Saturday, 11 April 2009

Glory Be!

A memorable morning. Things began quietly with a couple of Linnets in the main hedgerow, the first since autumn and a distant Partridge sp. A Hare frolicked in the rape field by the river, but otherwise the fields here held little. Male Yellowhammer gathering nesting material. As I got closer to the village the pace picked up - a pair of duck zipped overhead: Tufted Duck, the first since last October:
And the private pond, only just visible now the leaves are nearly out, held a veritable wealth of wildfowl: 1 Mute Swan, 2 (different) Tufted Duck, a Moorhen and a Coot:
Feeling motivated I head into the fields to the north. A male Blackcap sings from by the village pond and I smell the dead fox from some considerable distance before seeing it. I'm on the main track when "what?!" - I am literally stopped in my tracks by a familiar scratchy song. I quickly raise my binoculars to search for the songster, but just end up banging them against the protruding piece of cartilidge on my nose after my accident a month ago, hard enough to bring tears to my eyes, rendering my search useless! Then another familiar song - the first Swallow of the summer zips over. Back to the scratchy singer, I finally locate him on a trackside plant:Corn Bunting! my first for Cuddesdon, the 71st species since August.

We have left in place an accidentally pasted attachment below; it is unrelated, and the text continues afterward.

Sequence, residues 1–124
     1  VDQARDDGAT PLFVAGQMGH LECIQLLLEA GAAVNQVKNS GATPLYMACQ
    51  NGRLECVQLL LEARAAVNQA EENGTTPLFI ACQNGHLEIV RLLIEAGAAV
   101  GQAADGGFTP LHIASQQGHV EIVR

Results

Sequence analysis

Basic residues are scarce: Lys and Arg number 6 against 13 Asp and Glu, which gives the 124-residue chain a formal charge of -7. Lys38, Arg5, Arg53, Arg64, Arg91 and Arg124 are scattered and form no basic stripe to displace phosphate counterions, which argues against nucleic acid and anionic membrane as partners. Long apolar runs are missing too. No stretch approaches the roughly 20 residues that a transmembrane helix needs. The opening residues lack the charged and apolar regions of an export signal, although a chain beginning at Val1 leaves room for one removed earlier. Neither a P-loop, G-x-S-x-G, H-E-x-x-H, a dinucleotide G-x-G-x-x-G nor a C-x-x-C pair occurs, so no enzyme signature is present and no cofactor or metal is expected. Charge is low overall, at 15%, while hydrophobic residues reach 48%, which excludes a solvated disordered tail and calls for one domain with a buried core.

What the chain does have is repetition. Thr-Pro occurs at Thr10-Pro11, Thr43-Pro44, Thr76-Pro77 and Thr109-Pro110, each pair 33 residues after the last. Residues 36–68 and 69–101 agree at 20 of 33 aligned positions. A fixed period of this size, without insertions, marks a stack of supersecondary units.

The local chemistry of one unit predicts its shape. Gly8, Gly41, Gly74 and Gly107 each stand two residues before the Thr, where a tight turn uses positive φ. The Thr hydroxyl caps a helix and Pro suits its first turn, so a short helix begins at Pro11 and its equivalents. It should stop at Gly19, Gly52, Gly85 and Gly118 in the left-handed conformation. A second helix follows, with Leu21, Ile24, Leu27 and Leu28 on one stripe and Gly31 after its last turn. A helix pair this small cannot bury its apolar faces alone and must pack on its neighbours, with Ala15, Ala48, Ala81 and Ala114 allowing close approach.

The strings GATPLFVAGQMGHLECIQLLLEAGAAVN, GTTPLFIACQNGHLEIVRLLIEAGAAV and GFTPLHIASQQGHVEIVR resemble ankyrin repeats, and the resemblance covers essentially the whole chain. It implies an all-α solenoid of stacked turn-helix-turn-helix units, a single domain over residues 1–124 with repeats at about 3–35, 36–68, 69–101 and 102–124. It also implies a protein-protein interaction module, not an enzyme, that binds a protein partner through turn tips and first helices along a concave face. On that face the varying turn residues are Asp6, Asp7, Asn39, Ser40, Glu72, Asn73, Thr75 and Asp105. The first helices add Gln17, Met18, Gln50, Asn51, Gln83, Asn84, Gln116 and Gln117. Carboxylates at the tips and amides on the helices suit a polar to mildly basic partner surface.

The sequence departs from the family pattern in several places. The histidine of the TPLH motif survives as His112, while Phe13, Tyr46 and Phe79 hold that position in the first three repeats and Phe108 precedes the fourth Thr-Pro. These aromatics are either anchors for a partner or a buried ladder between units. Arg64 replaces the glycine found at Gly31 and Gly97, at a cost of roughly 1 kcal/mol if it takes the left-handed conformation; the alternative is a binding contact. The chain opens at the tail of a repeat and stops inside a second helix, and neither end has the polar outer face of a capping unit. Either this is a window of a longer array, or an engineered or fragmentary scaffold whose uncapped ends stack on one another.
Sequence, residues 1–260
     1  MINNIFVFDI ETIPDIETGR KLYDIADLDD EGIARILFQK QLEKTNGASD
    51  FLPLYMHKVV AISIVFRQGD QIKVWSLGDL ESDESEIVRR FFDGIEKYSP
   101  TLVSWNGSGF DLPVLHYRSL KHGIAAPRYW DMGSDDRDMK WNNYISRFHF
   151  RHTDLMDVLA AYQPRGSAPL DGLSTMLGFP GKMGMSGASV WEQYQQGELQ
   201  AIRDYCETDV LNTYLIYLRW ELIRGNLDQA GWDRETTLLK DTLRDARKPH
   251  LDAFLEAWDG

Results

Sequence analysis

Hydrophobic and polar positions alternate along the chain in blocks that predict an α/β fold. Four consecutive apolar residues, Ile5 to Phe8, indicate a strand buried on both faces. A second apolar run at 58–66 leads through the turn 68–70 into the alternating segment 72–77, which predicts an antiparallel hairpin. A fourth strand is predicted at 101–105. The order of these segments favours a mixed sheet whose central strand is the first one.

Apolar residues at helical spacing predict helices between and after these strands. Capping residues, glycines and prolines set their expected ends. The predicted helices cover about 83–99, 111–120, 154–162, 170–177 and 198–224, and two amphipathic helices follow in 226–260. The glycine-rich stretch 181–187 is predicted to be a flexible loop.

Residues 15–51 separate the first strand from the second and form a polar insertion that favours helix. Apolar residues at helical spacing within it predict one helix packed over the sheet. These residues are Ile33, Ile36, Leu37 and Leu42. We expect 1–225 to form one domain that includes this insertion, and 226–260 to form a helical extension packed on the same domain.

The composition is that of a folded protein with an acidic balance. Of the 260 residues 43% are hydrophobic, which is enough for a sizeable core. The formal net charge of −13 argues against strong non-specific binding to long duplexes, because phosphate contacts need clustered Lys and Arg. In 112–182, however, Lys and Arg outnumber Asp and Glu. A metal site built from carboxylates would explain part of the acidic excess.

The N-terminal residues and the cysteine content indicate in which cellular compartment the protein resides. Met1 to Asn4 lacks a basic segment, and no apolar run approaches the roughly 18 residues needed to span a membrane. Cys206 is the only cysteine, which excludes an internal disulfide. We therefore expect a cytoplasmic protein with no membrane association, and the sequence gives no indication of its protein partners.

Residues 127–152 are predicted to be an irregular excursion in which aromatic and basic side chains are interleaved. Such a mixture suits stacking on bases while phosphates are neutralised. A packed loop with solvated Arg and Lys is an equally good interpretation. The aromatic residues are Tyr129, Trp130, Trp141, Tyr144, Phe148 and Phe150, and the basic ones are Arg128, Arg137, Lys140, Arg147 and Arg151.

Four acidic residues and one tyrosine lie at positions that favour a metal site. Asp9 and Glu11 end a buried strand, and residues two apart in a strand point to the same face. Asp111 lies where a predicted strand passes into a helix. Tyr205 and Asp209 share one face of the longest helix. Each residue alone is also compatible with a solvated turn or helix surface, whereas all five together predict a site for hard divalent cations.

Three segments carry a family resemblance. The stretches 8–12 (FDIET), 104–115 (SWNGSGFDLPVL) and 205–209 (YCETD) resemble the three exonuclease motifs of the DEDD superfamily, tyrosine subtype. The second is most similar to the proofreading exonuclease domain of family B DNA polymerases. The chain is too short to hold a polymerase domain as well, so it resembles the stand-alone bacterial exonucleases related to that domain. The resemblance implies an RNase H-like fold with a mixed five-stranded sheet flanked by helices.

The first Swallow of the summer.

Another of the Corn Bunting. Best not to Spoonerise this species's name (reversing the first letter of each word), especially out loud in the presence of children... I am delighted with the Bunting find, on the same stretch of fence that produced Stonechat last month and the Swallow was a nice bonus, and helped make up for the bleeding nose. I then cross the road to check out the Farmhouse pond. A big female Sparrowhawk is displaying over the wood:
Sparrowhawk: ok, not much to look at here, but imagine it rollercoasting up and down and then flying with slow motion wingbeats in it's display flight - much more interesting! There is a pair of Great Spotted Woodpecker interacting on the dead tree and 2 more Swallow chatter away overhead. Then another scratchy song - this time a male Whitethroat, fresh in from Africa and sharing a tree with this Yellowhammer:
The Farmhouse pond is also stuffed full of wildfowl, by Cuddesdon standards - 6 Mallard, 2 more Tufted Duck and 2 Coot. So a great morning: a new species for the village, record Tufted Ducks numbers and some nice migrants. I love Spring.

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